- When you complete your project and deliver on your objectives remind your manager about the promise that was made and show that email (from #4) to remind them of their obligation.
- If a new regime takes over, as youre about to complete your project, you still have that IOU from the previous regime to promote you. If the new management ignores that promise, do not fight your way upstream, but make sure that your new boss is aware of what has happened to you through this change (now you can see why that email from #4 is so important).
- Make a new compact with your current management and extract another promise with yet another initiative. Send yet another email documenting the new agreement and wait until you are at the finish line.
- It is unlikely that your new management will again ignore your agreement and pass you over without giving what they promised.
- As you start navigating through the new undertaking make sure that your contributions and work stay visible to the higher ups. Learn how to do this well without jeopardizing your brand and your reputation; learn how to do this to enhance them, instead.
- Make sure that you give credit to all those who helped you on your team and throughout the ecosystem to make you successful on your project before you go marching into your boss office to claim that promotion.
Securing a promotion takes a lot more than diligent work and producing consistent results. You must learn how to make your chain of command look good in their roles so that they feel compelled to pull you up with them.
Dilip has distinguished himself as LinkedIn’s #1 career coach from among a global pool of over 1,000 peers ever since LinkedIn started ranking them professionally (LinkedIn selected 23 categories of professionals for this ranking and published this ranking from 2006 until 2012). Having worked with over 6,000 clients from all walks of professions and having worked with nearly the entire spectrum of age groups—from high-school graduates about to enter college to those in their 70s, not knowing what to do with their retirement—Dilip has developed a unique approach to bringing meaning to their professional and personal lives. Dilip’s professional success lies in his ability to codify what he has learned in his own varied life (he has changed careers four times and is currently in his fifth) and from those of his clients, and to apply the essence of that learning to each coaching situation.
After getting his B.Tech. (Honors) from IIT-Bombay and Master’s in electrical engineering(MSEE) from Stanford University, Dilip worked at various organizations, starting as an individual contributor and then progressing to head an engineering organization of a division of a high-tech company, with $2B in sales, in California’s Silicon Valley. His current interest in coaching resulted from his career experiences spanning nearly four decades, at four very diverse organizations–and industries, including a major conglomerate in India, and from what it takes to re-invent oneself time and again, especially after a lay-off and with constraints that are beyond your control.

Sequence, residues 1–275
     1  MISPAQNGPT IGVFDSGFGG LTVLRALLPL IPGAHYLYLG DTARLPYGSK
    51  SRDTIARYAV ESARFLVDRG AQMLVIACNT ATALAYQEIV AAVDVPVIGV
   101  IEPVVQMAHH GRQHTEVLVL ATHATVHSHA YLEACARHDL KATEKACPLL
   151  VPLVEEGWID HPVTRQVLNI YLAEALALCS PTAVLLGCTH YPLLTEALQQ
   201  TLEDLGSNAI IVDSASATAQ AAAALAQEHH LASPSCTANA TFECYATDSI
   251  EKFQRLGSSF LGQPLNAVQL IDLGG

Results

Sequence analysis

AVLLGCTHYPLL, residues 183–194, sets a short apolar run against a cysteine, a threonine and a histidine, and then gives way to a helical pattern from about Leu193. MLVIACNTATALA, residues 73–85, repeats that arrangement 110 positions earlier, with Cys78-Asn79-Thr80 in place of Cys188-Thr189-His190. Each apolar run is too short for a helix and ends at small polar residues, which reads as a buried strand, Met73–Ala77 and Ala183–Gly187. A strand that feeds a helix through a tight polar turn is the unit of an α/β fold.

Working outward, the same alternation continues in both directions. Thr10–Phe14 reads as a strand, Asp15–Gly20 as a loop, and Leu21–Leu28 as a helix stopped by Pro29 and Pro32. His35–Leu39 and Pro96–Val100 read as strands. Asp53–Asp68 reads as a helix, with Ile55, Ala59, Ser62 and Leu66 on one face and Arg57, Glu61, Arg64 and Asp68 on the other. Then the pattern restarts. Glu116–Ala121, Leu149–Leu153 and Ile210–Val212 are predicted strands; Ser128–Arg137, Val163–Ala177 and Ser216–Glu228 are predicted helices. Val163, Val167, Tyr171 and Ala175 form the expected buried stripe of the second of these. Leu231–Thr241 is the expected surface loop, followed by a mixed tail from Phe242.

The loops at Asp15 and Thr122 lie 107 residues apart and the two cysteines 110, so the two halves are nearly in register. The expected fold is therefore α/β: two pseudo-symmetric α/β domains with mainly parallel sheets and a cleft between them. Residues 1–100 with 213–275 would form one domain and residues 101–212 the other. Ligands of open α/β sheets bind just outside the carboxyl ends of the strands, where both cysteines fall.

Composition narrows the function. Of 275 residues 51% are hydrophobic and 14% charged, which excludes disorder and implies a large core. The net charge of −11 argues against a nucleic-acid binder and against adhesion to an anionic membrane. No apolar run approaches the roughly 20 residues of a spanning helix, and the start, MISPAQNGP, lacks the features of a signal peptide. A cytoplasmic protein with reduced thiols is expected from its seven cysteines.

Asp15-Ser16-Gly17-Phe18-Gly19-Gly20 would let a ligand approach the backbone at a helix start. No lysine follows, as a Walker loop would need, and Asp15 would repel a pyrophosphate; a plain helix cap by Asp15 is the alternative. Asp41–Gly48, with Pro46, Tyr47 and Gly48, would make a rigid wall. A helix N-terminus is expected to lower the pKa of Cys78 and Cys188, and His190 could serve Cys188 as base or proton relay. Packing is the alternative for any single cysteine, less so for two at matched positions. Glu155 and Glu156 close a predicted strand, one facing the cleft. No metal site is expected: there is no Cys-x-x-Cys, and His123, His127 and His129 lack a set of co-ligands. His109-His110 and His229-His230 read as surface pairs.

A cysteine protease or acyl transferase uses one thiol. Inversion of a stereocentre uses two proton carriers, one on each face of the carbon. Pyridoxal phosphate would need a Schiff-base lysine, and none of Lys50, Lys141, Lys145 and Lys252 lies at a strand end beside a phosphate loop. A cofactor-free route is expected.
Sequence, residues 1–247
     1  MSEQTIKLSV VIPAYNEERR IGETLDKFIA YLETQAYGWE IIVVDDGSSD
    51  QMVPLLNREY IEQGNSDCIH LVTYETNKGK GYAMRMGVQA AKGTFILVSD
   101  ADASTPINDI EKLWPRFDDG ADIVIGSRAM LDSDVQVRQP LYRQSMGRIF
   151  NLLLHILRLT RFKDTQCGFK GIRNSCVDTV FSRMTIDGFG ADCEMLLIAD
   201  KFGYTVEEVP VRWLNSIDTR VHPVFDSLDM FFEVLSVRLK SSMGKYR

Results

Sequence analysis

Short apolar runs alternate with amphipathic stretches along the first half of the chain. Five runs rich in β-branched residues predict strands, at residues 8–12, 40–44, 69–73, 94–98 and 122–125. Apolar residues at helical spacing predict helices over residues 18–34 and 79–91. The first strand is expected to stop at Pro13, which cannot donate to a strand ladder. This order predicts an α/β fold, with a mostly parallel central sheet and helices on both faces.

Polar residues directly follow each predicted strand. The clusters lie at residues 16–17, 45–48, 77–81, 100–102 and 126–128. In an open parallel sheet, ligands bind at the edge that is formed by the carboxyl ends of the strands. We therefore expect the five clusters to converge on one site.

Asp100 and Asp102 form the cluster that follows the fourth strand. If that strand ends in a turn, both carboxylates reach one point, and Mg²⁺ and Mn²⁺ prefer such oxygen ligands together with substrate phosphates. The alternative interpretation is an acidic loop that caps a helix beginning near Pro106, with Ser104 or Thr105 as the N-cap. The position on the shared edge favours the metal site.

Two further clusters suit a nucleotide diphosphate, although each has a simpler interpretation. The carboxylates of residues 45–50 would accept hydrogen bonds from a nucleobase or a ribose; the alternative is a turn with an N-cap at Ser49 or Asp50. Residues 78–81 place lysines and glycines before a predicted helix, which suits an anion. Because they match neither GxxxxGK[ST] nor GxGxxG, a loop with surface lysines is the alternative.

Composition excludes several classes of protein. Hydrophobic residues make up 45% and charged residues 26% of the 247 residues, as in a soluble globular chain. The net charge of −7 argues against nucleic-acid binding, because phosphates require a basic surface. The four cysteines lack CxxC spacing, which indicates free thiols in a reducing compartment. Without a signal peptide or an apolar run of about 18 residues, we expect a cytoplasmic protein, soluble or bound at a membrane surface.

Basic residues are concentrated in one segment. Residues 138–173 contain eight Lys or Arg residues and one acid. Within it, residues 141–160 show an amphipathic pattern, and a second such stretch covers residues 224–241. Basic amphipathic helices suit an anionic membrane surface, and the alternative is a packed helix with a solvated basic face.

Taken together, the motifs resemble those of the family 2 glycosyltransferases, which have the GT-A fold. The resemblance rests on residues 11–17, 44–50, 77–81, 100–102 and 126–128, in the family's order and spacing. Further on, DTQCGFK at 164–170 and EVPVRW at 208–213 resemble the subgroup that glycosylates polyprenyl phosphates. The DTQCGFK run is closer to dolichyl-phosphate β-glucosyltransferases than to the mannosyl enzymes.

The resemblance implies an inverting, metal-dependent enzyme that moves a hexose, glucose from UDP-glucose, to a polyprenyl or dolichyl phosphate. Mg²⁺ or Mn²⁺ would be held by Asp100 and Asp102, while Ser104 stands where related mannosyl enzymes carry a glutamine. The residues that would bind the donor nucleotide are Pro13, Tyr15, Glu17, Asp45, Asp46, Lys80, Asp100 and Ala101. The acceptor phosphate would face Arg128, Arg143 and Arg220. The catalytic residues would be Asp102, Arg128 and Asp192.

During the 45-plus years since his graduation, Dilip has reinvented himself time and again to explore new career horizons. When he left the corporate world, as head of engineering of a technology company, he started his own technology consulting business, helping high-tech and biotech companies streamline their product development processes. Dilip’s third career was working as a marketing consultant helping Fortune-500 companies dramatically improve their sales, based on a novel concept. It is during this work that Dilip realized that the greatest challenge most corporations face is available leadership resources and effectiveness; too many followers looking up to rudderless leadership.
Dilip then decided to work with corporations helping them understand the leadership process and how to increase leadership effectiveness at every level. Soon afterwards, when the job-market tanked in Silicon Valley in 2001, Dilip changed his career track yet again and decided to work initially with many high-tech refugees, who wanted expert guidance in their reinvention and reemployment. Quickly, Dilip expanded his practice to help professionals from all walks of life.
Now in his fifth career, Dilip works with professionals in the Silicon Valley and around the world helping with reinvention to get their dream jobs or vocations. As a career counselor and life coach, Dilip’s focus has been career transitions for professionals at all levels and engaging them in a purposeful pursuit. Working with them, he has developed many groundbreaking approaches to career transition that are now published in five books, his weekly blogs, and hundreds of articles. He has worked with those looking for a change in their careers–re-invention–and jobs at levels ranging from CEOs to hospital orderlies. He has developed numerous seminars and workshops to complement his individual coaching for helping others with making career and life transitions.
Dilip’s central theme in his practice is to help clients discover their latent genius and then build a value proposition around it to articulate a strong verbal brand.
Throughout this journey, Dilip has come up with many groundbreaking practices such as an Inductive Résumé and the Genius Extraction Tool. Dilip owns two patents, has two publications in the Harvard Business Review and has led a CEO roundtable for Chief Executive on Customer Loyalty. Both Amazon and B&N list numerous reviews on his five books. Dilip is also listed in Who’s Who, has appeared several times on CNN Headline News/Comcast Local Edition, as well as in the San Francisco Chronicle in its career columns. Dilip is a contributing writer to several publications. Dilip is a sought-after speaker at public and private forums on jobs, careers, leadership challenges, and how to be an effective leader.